Take a Break
I Have Nothing to Complain About
Changing your relationship with alcohol requires tuning into how you feel. You might discover that pouring a drink is connected to low-level stress, worry, or simply feeling dissatisfied with life.
But almost as soon as this discovery is made, you might also start beating yourself up. Arguing that you are so fortunate, have nothing to complain about, and no right to feel the way you do.
If you want to change your relationship to alcohol you can’t ignore how you feel. You must learn a new way to tend to your feelings that doesn’t create negative consequences in your life.
What You’ll Discover
The reason so many people don’t question what’s behind their decision to drink.
The problem with looking for reasons why you shouldn’t feel the way you do.
What happens when people are taught to diminish and deny how they feel.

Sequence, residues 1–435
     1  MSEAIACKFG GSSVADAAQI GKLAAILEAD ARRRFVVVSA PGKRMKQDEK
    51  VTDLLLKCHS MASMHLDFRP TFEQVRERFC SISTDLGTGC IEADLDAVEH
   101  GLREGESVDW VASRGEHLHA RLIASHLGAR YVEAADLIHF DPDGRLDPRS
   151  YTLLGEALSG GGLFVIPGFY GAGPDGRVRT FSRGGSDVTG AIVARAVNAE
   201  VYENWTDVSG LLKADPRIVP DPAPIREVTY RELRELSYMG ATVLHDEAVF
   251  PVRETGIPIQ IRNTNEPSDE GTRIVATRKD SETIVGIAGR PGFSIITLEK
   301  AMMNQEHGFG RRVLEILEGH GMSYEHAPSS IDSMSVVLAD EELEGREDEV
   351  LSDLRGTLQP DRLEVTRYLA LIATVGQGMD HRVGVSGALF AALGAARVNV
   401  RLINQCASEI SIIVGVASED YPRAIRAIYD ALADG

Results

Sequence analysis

Featured on the show
You are listening to the Take A Break podcast with Rachel Hart, episode 194.
Welcome to the Take A Break podcast with Rachel Hart. If you’re an alcoholic or an addict, this is not the show for you. But if you are someone who has a highly functioning life, doing very well, but just drinking a bit too much and wants to take a break, then welcome to the show. Let’s get started.
Hello everyone. We are going to do a deep dive into a very important thought today, a thought that will prevent you from changing the habit of drinking and changing your relationship with alcohol, and it is the thought, “I have nothing to complain about. I shouldn’t be so anxious. I shouldn’t be stressed out. I shouldn’t be so annoyed.”